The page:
At last Thursday’s NBA Trade Deadline, one of the final deals that was announced saw the Pelicans trade JJ Redick to the Mavs as Dallas looks to bolster their depth by adding a veteran shooter for the playoff push. From a basketball perspective, the deal made sense. Redick wasn’t playing in New Orleans anymore and had made clear he wanted out, and he’s a snug fit, at least offensively, for what Dallas needs.
However, Redick had personal reasons for his trade request in that he wanted to be closer to his son in Brooklyn, hoping for a trade to one of the teams in that area — mainly the Nets, Sixers, Celtics, or Knicks. On Wednesday, Redick took aim at the Pelicans front office on his podcast for what he felt was blindsiding him with a deal to Dallas, which doesn’t get him closer to his family, with the COVID-19 protocols making it difficult for him to see them. Redick felt David Griffin didn’t “honor his word” after their conversations about his desire to get back to the Northeast, and made his feelings towards the Pelicans front office very clear.
This has furthered the debate about player empowerment and the buyout market, as Redick was under the impression that if he weren’t dealt to a team in that area he would get bought out and join one of those teams. On Wednesday’s episode of The Jump on ESPN, Robert Horry and Richard Jefferson were asked about the Redick situation and, somewhat surprisingly, neither of the former players were siding with Redick.
So after JJ Redick accused the Pelicans’ David Griffin of “not honoring his word” in trading JJ to Dallas, I expected @RKHorry and @RJeff24 to side with the vet. Oh boy did they *not* do that: pic.twitter.com/qbiN543QQ4
— Rachel Nichols (@Rachel__Nichols) March 31, 2021
Jefferson’s early “so did everyone else” about Redick wanting to be in Brooklyn is pretty funny, but it’s an interesting conversation.
As Horry notes, this is the business of basketball and the Pelicans front office’s first job is to do what’s best for the team. If there’s a trade out there that brings them assets back, that is a better move than turning that down to buyout Redick and let him go to his desired locale. Horry also points out that Redick isn’t exactly the caliber of player or have the standing within the New Orleans organization to be able to demand where he wants to go. Where Kyle Lowry can do that with Toronto — which, the limited options was a reason he wasn’t dealt — Redick doesn’t have that kind of stature with the Pelicans to have commanded the goodwill to send him to his desired location. He was still traded to a contender and a team he probably can have a solid role on in the Mavs, he just wasn’t dealt to the most coveted destination in the league right now in Brooklyn.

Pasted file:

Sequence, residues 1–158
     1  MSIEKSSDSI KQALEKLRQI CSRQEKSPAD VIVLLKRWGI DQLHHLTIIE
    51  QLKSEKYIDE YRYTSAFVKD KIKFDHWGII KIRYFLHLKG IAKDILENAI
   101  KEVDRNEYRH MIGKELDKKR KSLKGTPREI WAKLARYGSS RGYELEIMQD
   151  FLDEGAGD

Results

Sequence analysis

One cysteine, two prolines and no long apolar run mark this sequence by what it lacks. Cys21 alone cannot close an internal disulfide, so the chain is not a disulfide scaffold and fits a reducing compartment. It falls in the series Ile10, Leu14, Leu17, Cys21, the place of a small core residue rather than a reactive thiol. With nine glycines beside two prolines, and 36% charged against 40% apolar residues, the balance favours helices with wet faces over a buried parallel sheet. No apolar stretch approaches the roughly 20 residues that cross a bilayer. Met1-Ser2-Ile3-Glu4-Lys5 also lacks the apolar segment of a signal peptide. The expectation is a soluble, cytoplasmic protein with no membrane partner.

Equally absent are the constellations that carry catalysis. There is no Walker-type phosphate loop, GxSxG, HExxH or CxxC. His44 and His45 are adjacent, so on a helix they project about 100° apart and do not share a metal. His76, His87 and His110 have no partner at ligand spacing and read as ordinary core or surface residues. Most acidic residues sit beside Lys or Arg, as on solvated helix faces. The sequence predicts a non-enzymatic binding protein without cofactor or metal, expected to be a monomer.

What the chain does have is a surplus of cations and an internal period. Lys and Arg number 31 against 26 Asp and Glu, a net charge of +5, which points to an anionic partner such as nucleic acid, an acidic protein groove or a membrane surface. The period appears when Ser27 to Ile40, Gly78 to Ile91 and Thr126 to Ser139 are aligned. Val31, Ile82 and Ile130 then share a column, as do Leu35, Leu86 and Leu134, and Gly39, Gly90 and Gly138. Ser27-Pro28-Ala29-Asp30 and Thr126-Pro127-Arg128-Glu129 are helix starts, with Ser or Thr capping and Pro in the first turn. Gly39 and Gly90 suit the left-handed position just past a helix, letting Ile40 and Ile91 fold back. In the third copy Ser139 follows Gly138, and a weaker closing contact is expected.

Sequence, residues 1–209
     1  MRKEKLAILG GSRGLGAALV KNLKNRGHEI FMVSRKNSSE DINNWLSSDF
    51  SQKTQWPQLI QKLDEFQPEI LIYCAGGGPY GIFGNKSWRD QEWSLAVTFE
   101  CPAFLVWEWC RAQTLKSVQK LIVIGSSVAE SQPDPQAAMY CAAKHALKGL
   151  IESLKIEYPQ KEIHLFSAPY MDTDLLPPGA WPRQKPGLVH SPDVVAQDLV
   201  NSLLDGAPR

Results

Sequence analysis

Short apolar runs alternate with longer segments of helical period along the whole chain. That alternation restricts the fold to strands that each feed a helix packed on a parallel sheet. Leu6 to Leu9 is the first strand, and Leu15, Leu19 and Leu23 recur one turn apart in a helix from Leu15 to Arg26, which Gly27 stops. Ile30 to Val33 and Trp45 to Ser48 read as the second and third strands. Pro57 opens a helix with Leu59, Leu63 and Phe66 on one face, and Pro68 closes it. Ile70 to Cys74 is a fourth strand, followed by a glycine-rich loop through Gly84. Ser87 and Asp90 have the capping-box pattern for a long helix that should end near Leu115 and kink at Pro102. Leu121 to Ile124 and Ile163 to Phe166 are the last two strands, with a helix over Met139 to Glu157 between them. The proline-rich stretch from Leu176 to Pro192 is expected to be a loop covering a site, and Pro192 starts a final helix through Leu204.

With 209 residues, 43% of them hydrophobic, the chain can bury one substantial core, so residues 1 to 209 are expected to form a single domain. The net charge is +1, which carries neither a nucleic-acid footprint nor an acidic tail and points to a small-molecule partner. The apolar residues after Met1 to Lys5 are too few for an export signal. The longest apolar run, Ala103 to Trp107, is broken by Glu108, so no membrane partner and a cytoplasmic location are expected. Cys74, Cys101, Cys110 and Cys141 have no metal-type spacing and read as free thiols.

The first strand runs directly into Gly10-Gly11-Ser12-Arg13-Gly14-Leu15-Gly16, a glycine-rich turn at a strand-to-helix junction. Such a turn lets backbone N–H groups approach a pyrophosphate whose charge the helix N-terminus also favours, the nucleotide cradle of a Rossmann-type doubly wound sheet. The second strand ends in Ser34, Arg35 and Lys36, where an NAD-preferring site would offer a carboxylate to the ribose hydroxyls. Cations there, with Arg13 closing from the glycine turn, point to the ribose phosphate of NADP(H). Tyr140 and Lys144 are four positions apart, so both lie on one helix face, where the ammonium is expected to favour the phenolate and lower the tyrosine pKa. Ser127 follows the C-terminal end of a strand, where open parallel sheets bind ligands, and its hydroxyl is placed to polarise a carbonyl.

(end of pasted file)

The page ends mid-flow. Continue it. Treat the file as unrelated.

Jefferson then points out that Redick has embraced the “hired gun” life in recent years, inking short-term deals in order to get big money, and while pandemic restrictions certainly change the calculus for a lot of people, his choice was to go to a situation where he could make the most but it came at the cost of being further from his family. It’s a bit surprising that neither former player seems to have any sympathy for Redick’s situation, but they also are very pragmatic in their argument whereas Redick’s frustration comes from a more emotional place. Both are understandable viewpoints, but hearing two former players point out a lot of areas where Redick’s “sob story,” as Jefferson put it, falls short is pretty interesting.